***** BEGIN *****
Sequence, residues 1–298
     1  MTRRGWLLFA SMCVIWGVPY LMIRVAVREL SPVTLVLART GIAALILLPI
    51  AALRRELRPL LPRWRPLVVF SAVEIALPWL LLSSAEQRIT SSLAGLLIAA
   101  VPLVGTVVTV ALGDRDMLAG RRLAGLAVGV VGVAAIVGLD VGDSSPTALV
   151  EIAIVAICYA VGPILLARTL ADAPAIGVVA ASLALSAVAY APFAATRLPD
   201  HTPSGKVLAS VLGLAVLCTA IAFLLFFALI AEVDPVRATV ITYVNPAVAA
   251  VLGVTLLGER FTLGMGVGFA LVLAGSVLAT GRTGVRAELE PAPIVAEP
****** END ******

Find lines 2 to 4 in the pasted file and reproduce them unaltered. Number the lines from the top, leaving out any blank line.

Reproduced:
     1  MTRRGWLLFA SMCVIWGVPY LMIRVAVREL SPVTLVLART GIAALILLPI
    51  AALRRELRPL LPRWRPLVVF SAVEIALPWL LLSSAEQRIT SSLAGLLIAA
   101  VPLVGTVVTV ALGDRDMLAG RRLAGLAVGV VGVAAIVGLD VGDSSPTALV